The Demand Solutions Blog

Why This Downturn is Different for Multifamily

Posted by Donald Davidoff on Mar 26, 2020 4:01:22 PM

I often think of the economy as a metaphorical set of pipes with money (the "water") flowing through them. Recessions typically happen when the pipes "clog," causing the water to flow well below its normal pressure. Governments have to respond, taking actions to "unclog" those pipes to get the "water" flowing again.

But the recession I believe we've already entered is very different in kind, not just degree. The coronavirus pandemic has forced large sectors of our economy to close down, severely restricting consumption and economic activity. This time, the "pump" has broken. It may not matter how much anyone tries to unclog the pipes, as little will flow until the pump starts working again.

This metaphor has some significant ramifications for what we'll experience over the next few months (yes, months, not weeks). It feels like we will have a two-stage recession:

  • Stage 1 will be unlike anything we've ever encountered before. This is the current stage, where the pump is frozen. Many industries will experience an inability to stimulate demand no matter what they do. For example, Las Vegas casinos are not allowed to do any business and thus can't even make an offer. Airlines can cut prices to practically zero, yet very few people will fly. Normal pricing and revenue management actions like lowering the price to boost occupancy simply won't work the way they typically might.

  • Stage 2 will be more like a typical recession, where weak demand meets excess capacity until supply and demand rebalance. Government stimulus will drive investment and demand and slowly, but surely, the engine roars back to life. Whether this will be a "V shape" like typical recessions or a shape more like the balance sheet-driven "Great Recession" is hard for me to predict (I'm an engineer, not an econometrician). But whatever it will be and however long it takes, it will mark the process by which we get back to "normal."
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Topics: Multifamily Trends, Future, Change Management

Are Short-Term Rentals The Pet Rent of 2020?

Posted by Donald Davidoff on Oct 15, 2019 4:10:33 PM

 
“What about the liability?”

“What about noise complaints from neighbors?”

“What about the extra costs involved?”

“It will totally change the character of our community, and we don’t want that!”

To anyone who’s been involved in talking about short-term rentals (STRs), the above looks very familiar, right? They’re the most common concerns about the risks (and hassles) involved with allowing residents to sublease their apartments on short-term rental platforms.

Except that’s not where I first heard these concerns. Back in the late 1990s, hardly any apartment communities allowed pets, particularly dogs and cats, in their apartments. When I asked why not, I usually heard the same four objections.

Yet a few intrepid pioneers, sensing the growing importance of pets as part of their prospective residents’ lives, took a risk and started allowing pets.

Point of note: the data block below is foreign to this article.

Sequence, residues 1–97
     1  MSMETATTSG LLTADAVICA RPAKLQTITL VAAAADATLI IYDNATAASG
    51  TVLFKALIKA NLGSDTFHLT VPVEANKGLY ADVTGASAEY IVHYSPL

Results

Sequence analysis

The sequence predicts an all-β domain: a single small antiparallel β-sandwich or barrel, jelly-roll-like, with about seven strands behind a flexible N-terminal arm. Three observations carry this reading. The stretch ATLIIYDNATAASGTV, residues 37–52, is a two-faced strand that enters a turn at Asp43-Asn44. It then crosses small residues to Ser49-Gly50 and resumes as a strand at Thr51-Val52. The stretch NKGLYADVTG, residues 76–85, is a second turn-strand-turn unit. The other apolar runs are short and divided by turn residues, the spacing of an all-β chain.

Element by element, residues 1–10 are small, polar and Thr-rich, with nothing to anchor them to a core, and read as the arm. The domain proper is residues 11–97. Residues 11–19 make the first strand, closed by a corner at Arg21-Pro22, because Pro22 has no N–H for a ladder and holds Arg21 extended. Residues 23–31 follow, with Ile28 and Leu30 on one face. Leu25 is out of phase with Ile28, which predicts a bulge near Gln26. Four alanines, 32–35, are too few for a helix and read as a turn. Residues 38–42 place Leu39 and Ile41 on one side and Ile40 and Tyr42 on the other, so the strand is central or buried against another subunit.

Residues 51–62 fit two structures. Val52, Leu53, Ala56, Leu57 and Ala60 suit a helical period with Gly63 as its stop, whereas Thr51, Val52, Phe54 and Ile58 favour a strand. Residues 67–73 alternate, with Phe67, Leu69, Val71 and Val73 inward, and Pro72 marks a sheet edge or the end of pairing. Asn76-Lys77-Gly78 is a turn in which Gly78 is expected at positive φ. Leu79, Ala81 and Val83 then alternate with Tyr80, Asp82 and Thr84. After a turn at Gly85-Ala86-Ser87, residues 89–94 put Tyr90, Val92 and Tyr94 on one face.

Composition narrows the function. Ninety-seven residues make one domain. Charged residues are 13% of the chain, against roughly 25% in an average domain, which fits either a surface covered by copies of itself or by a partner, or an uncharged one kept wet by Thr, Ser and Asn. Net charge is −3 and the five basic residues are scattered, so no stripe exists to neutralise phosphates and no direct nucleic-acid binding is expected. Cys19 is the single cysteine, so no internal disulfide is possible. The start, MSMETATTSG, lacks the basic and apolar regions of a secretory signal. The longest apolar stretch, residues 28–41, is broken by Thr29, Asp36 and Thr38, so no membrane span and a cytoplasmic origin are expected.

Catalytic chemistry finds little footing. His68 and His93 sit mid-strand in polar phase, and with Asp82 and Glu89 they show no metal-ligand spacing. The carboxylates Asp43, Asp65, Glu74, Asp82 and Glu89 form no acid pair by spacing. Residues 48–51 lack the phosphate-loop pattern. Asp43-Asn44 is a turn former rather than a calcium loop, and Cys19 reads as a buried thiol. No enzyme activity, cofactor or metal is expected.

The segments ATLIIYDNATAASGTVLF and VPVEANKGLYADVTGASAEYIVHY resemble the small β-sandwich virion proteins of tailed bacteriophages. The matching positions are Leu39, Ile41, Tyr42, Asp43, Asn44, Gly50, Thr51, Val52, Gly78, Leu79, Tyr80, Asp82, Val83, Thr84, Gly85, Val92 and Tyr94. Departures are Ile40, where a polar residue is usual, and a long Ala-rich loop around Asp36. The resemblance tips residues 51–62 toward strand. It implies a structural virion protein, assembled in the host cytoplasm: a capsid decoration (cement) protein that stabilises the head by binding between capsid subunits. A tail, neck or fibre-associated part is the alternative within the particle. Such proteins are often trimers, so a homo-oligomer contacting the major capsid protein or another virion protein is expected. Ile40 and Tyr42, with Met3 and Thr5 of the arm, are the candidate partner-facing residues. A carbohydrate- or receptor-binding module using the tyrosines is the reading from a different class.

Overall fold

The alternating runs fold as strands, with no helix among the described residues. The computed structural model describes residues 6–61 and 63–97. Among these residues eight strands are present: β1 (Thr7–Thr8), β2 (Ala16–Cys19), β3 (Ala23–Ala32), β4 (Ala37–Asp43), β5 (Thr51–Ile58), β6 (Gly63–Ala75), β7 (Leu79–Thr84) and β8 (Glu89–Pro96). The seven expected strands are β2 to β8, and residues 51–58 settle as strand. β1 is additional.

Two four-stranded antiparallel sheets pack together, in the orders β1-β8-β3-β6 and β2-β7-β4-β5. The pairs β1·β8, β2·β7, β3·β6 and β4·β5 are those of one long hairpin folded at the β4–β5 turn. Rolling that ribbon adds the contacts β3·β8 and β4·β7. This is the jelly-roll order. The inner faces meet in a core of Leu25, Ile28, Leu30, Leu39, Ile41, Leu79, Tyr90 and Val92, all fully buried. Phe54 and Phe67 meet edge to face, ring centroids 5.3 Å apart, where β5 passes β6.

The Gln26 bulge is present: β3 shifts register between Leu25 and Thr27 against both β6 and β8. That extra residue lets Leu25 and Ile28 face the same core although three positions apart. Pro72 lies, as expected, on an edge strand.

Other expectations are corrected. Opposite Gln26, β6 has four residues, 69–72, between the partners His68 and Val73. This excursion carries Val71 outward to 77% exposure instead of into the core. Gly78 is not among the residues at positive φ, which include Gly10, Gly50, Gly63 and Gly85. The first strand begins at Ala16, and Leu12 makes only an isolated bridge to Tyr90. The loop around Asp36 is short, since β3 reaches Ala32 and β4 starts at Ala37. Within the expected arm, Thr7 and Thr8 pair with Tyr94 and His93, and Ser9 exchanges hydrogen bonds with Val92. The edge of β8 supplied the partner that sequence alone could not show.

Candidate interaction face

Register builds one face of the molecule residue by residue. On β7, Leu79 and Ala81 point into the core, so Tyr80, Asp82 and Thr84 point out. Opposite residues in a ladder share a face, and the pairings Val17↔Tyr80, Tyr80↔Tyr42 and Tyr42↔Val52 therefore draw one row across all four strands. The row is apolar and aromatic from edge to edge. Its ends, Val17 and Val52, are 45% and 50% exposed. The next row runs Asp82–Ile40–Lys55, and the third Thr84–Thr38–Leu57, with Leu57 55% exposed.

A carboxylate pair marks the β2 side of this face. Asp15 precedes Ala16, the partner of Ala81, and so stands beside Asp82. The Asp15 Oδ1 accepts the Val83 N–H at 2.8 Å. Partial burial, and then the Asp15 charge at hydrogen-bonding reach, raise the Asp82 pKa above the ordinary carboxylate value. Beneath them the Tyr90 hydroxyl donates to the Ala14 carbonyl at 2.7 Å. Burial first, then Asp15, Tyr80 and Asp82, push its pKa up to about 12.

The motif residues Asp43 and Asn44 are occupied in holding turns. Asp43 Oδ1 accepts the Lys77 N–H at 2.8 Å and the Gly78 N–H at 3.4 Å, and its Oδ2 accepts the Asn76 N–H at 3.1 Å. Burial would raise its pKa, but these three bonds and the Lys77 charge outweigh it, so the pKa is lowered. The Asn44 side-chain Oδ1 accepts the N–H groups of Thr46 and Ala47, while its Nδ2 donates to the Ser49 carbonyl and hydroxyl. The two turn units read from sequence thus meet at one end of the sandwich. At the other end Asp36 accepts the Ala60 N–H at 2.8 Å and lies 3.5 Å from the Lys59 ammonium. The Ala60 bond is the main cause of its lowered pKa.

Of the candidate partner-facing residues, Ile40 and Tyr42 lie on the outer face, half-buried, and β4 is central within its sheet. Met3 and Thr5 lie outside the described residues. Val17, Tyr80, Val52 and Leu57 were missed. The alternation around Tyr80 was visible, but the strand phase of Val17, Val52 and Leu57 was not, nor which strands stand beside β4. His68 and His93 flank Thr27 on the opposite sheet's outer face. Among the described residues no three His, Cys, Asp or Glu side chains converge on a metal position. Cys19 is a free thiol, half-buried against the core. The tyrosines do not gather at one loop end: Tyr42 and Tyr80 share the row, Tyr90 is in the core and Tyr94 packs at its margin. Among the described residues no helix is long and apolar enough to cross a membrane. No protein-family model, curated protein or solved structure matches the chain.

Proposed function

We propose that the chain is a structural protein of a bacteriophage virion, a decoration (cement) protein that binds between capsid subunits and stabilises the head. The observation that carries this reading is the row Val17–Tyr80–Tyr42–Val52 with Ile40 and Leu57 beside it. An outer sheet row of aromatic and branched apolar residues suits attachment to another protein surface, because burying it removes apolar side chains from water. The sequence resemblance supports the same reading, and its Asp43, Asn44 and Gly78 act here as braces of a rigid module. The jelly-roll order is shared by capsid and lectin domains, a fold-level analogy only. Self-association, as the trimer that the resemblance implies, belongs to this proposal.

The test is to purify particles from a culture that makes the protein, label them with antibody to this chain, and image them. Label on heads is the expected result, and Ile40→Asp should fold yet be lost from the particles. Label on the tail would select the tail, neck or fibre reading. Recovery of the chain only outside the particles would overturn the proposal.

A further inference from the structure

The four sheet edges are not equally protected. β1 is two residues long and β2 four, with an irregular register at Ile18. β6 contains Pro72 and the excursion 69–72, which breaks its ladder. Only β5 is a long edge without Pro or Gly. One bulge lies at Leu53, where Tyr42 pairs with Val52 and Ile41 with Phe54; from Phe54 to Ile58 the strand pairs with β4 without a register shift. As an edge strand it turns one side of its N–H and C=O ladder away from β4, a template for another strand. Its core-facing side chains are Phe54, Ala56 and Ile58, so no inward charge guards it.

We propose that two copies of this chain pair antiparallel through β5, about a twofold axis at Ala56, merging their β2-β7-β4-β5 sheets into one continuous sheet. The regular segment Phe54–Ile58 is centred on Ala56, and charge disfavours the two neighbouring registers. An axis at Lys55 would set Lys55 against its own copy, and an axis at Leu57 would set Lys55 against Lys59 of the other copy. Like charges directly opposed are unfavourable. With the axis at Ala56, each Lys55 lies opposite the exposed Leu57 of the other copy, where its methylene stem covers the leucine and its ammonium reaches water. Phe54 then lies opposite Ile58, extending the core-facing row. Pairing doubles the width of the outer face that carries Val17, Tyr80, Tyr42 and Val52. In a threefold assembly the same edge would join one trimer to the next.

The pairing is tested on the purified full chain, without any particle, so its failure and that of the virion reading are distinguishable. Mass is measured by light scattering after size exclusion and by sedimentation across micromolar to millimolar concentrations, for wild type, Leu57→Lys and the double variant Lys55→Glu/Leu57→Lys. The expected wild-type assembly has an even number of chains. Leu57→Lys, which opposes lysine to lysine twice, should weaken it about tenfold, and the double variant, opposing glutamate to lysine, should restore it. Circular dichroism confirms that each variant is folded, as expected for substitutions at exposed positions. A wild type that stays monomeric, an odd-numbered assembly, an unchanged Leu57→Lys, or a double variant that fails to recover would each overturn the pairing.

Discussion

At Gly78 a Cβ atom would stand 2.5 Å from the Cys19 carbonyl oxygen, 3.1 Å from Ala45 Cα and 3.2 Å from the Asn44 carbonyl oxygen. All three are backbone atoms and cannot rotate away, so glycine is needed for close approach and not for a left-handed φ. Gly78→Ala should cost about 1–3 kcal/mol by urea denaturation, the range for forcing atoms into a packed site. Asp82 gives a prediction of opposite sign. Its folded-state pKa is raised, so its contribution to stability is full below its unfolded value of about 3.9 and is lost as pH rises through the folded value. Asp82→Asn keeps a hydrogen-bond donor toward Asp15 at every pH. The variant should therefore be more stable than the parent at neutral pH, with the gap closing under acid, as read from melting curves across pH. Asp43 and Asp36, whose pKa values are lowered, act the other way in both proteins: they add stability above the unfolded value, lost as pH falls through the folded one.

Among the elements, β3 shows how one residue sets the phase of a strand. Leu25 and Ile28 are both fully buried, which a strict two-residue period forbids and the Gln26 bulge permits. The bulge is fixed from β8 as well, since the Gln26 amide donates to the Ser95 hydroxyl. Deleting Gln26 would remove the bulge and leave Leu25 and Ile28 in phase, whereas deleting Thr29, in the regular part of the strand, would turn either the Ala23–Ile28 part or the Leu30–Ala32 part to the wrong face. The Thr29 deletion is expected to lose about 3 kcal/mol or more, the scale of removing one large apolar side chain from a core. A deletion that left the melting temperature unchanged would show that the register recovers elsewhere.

I remember visiting one of those in the early ‘00s, Archstone South Market, at the edge of the financial district in San Francisco. I was touring and noticed there seemed to be a lot of dogs. So I asked the community manager whether that was true or it was just me thinking it was.

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Topics: property management, Change Management, Short-Term Rentals

Multifamily’s Last Technological Inflection Point

Posted by Dan Amedro on Apr 9, 2019 8:15:00 AM

Since we published the findings of our 20 for ‘20 research, we have found a broad consensus that multifamily technology is at a technology inflection point, the like of which we have not seen since the 1999-2004 timeframe. During that period pricing and revenue management, web-based property management systems and resident and prospect portals all came to market at once. Dan Amedro was CIO at Archstone from 1997 through 2012. He not only had a front seat to all those changes but as often in the driver’s seat. We asked him to reflect on that time in the industry. As you read this, we think you’ll agree that the experience 15-20 years ago provides a great map to help navigate technology today.

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Topics: Multifamily Trends, Technology, Future, Change Management

9 Tips for Implementing Successful Change Management

Posted by Joanne Chapman-Reps on Jul 14, 2017 10:00:00 AM

Companies spend a lot of time, effort and energy introducing new initiatives into the organization (often referred to as a rollout), some with more frequency than others. Before starting a ‘rollout’ it’s very important to remember that what you’re doing is introducing a change. And, more importantly it’s important to realize that change is not easy to introduce (or sustain), and it certainly doesn’t happen on its own. 

Have you ever participated in a conversation with other leaders where the topic of conversation is focused on frustration about a new initiative that the teams are not embracing? Often the solution for that problem is a request for more training since the belief is that the teams didn’t ‘get it’ the first time. However, if you dig deeper you will probably discover that the root cause of the problem isn’t that the teams didn’t understand the training, the reality is that the initiative wasn’t introduced with an intentional change management approach. As a result, the teams (for one reason or another) are still doing things the old way. 

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Topics: Customer Experience, Change Management